Nebraska and Oklahoma recently filed the first major court challenge to Colorado’s marijuana legalization, claiming that the state’s legal recreational marijuana shops are encouraging use in neighboring states. The lawsuit, filed Thursday, challenges the 2012 passing of Colorado’s Amendment 64.
According to The New York Times, “The lawsuit was brought by attorneys general in Nebraska and Oklahoma, and asks the United States Supreme Court to strike down key parts of a 2012 voter-approved measure that legalized marijuana in Colorado for adult use and created a new system of stores, taxes and regulations surrounding retail marijuana.” The Colorado Pot Guide explains that it isn’t necessary to be a resident to procure up to one ounce of marijuana in Colorado; all that is required is a government-issued identification card to prove one’s age. “Simply put, as long as you are 21 years or older, you have a constitutional right in Colorado to possess and consume marijuana,” explains the Pot Guide.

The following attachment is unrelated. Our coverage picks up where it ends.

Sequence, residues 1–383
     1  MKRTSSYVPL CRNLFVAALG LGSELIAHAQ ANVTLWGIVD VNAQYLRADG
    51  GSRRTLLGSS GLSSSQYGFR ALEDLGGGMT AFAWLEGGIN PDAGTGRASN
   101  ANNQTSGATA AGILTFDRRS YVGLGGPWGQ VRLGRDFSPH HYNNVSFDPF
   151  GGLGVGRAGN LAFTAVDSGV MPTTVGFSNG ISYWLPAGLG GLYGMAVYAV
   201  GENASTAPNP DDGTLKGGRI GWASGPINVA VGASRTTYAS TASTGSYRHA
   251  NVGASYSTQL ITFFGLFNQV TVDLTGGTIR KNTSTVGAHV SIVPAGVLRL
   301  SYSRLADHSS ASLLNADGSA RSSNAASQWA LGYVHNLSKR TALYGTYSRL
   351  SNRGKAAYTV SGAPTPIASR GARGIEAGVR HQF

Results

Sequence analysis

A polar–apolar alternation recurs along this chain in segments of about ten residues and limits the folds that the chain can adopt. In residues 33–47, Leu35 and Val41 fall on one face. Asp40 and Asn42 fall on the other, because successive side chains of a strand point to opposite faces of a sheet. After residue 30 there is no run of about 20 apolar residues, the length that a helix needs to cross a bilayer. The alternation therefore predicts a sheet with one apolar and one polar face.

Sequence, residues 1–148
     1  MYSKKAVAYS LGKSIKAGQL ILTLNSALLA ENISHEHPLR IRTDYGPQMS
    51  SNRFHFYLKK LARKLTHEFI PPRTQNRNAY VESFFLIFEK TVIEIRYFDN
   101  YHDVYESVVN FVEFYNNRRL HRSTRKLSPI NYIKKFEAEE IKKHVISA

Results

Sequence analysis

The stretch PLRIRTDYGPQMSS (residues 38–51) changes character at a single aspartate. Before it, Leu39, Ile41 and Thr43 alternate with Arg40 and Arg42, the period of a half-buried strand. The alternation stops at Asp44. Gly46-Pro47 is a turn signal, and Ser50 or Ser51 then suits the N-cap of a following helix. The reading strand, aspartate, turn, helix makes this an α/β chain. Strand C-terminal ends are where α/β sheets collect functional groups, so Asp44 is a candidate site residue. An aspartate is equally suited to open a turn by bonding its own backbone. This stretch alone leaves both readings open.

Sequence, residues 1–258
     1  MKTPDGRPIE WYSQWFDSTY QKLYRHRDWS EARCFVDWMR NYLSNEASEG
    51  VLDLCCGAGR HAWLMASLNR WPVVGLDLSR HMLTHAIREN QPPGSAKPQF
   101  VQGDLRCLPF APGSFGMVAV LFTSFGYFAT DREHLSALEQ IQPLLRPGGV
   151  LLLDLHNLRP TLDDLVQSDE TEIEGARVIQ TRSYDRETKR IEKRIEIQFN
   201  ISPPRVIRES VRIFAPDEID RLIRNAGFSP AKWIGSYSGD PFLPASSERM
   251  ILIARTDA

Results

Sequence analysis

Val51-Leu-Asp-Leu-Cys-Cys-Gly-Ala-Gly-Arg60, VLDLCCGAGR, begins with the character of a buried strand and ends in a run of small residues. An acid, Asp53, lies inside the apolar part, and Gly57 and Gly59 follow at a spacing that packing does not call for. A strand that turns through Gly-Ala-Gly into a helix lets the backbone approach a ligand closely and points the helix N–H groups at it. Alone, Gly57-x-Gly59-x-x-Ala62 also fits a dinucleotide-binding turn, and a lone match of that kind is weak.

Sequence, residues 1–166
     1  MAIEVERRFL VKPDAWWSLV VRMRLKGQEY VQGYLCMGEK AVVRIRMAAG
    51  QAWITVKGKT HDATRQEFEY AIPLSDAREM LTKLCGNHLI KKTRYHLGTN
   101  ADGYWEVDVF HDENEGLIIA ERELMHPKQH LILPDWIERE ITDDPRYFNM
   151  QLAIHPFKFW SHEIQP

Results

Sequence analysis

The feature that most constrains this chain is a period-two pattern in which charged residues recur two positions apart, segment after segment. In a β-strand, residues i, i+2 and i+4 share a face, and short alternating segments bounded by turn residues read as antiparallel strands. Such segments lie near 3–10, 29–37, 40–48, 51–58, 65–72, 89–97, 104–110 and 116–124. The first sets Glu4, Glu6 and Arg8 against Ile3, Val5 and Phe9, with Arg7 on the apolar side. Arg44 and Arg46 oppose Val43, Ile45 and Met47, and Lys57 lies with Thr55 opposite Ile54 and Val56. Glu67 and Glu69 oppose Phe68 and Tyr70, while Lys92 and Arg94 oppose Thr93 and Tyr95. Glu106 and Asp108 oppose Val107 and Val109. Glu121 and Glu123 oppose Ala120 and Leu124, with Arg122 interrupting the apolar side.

According to NPR, “officials in Nebraska and Oklahoma say Colorado’s pot law has become a destabilizing force in their states, where their legal systems are struggling to enforce the federal ban on marijuana.” The attorneys general in those states argue that Colorado is not doing enough to keep marijuana from leaving the state, which is putting pressure on bordering Nebraska and Oklahoma. “Marijuana flows from this gap [in the federal drug-control system] into neighboring states, draining their treasuries, and placing stress on their criminal justice systems,” the lawsuit reads in part.
For many, especially marijuana advocates in Colorado, Oklahoma and Nebraska are on the wrong side of history. Some speculate that it’s only a matter of time before more states begin legalizing recreational marijuana use, and that these two heartland states are grasping at straws.
Read The New York Times’ in-depth report of the lawsuit here.